5 Year Print Market Review 2023

Street

The Street collection captures Julian Opie's preference for depicting ordinary people, unknown by the viewer, as opposed to finding ‘iconic’ subjects who are instantly recognisable. Speaking about his representation of the everyday, Opie explains: “mundane things are just as exciting as all the things you might imagine escaping into”.

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Meaning & Analysis

Produced in 2019, Julian Opie’s Street collection captures the essence of the artist’s distinct visual style and language. The collection is formed of six signed relief prints, all of which come in an edition size of 50. Each print in the collection shows a composition of four people captured mid-stride, walking across the composition.

Opie’s graphic style shines through in these prints. The figures are rendered using thick lines filled with blocks of the same colour. Each figure in the print is delineated in a different colour, and the four figures are all set against a plain, brightly coloured backdrop. Opie’s use of vibrant and bold colours in these prints resonate strongly with art from the Pop Art movement and the work of artists like Andy Warhol. Opie’s style is often compared to Warhol, especially due to the way Opie challenges what should be considered a suitable subject for fine art, as Warhol did in the 1960s by producing artworks of everyday consumer goods.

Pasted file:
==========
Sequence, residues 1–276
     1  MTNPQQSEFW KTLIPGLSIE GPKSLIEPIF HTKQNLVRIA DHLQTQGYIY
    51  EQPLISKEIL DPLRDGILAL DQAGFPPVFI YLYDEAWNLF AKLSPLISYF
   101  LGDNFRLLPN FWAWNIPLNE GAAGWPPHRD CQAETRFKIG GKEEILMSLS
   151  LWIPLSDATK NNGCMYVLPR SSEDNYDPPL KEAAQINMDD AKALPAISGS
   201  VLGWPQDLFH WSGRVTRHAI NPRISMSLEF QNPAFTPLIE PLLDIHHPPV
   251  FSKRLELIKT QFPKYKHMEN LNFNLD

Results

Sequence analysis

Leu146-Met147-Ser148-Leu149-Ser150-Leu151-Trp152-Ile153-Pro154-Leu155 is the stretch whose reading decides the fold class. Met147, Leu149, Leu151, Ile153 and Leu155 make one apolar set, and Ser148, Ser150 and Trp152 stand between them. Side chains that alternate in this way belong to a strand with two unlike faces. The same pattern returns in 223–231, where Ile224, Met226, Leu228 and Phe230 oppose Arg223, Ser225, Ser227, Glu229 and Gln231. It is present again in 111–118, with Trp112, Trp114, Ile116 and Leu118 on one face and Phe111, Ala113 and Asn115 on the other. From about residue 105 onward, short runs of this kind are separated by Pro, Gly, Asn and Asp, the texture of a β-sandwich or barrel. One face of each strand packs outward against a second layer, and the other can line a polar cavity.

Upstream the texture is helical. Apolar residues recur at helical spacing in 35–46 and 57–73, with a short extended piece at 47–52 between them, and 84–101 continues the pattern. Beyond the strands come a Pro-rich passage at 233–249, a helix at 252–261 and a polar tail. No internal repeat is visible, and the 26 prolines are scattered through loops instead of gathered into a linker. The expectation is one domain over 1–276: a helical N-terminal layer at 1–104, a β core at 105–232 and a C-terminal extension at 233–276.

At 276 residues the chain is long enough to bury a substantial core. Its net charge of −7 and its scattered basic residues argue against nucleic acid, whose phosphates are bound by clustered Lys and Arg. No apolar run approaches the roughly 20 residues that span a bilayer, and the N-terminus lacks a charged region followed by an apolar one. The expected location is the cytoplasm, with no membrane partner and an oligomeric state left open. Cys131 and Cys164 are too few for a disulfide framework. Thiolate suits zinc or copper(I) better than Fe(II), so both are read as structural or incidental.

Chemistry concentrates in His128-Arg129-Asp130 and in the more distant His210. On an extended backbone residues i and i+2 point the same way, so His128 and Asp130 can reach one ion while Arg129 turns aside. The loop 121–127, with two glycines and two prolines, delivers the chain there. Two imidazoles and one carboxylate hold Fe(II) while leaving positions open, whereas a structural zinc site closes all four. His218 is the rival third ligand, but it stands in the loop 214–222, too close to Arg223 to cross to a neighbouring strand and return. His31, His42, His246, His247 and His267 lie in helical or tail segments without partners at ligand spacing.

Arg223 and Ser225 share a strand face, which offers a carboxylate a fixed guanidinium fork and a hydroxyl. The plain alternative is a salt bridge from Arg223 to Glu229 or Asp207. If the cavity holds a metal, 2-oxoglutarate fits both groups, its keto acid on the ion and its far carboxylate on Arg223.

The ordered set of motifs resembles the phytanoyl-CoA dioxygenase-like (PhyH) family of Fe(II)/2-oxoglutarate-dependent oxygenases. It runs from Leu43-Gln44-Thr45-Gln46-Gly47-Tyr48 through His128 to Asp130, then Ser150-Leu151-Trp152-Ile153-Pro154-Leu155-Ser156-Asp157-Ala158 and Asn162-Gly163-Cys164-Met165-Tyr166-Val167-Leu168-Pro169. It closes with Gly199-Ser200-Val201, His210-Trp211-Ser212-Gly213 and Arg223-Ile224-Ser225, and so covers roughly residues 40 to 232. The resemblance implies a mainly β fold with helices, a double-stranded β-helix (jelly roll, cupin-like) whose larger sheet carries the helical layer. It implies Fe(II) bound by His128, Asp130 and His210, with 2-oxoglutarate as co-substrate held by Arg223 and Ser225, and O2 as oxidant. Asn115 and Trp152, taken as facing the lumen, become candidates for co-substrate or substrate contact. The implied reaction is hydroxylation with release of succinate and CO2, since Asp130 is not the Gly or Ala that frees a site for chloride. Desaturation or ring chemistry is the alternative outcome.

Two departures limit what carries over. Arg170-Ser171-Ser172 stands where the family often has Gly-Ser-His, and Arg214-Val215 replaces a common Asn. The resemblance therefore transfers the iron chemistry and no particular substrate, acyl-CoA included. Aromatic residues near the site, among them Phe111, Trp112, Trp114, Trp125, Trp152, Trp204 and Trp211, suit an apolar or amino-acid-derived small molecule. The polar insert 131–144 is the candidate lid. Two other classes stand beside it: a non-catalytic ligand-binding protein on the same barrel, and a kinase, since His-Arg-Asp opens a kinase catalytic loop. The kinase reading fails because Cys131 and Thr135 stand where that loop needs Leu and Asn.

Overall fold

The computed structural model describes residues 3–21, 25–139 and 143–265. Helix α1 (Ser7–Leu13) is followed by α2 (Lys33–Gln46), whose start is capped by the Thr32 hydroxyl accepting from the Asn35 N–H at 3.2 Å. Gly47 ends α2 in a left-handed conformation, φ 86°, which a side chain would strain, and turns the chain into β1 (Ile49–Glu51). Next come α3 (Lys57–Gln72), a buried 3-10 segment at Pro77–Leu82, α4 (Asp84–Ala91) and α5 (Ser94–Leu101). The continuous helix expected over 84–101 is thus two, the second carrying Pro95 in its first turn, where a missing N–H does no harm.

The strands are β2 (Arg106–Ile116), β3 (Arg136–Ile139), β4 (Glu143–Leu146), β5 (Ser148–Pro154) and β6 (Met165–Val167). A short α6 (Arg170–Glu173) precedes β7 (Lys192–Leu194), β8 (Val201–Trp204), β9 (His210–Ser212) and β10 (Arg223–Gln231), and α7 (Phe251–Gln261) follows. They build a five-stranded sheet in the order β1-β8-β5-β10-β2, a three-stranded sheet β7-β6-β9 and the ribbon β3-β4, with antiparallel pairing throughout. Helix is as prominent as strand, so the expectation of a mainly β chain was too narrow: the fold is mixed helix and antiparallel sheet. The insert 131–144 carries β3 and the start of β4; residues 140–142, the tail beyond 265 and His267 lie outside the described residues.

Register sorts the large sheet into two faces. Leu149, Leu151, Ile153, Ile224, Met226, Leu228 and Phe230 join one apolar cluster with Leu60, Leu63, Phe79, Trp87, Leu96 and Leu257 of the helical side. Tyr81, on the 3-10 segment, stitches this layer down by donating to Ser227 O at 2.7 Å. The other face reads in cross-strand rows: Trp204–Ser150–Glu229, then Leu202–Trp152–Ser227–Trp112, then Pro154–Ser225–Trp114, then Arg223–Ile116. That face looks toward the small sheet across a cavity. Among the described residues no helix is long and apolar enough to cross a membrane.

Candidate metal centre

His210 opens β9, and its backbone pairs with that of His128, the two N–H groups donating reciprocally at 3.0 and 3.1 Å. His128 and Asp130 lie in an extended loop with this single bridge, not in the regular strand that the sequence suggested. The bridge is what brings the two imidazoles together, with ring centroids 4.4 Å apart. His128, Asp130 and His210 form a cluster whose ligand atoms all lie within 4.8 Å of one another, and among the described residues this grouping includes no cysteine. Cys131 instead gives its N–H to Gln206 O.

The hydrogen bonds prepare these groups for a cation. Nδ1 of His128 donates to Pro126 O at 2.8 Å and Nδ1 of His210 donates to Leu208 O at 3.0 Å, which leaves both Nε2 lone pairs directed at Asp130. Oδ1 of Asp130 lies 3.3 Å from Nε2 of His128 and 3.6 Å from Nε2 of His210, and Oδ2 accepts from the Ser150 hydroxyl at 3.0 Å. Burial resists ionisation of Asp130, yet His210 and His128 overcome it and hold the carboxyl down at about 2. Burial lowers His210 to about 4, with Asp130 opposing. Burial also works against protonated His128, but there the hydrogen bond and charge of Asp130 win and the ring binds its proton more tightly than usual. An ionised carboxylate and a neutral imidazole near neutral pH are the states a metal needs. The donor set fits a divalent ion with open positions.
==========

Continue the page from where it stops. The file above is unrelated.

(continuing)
Like his predecessor, Warhol, Opie wanted to produce art inspired by everyday life. While Warhol was also deeply interested in celebrity culture and stardom, and often produced portraits of notable icons, Opie preferred to produce artworks of everyday, unknown people. The subjects of his prints in the Street collection are all ordinary people, captured doing one of the most banal acts, walking from one place to another. The figures in the print are all faceless and have their faces replaced by circles which seem to hover above their shoulders. Opie’s artistic style is characterised by his use of simplified shapes and thick outlines filled with blocks of flat colour. Void of any facial detail, a signature element of Opie’s visual language, the artist differentiates the figures he draws by giving each person a different haircut, outfit and distinct gait.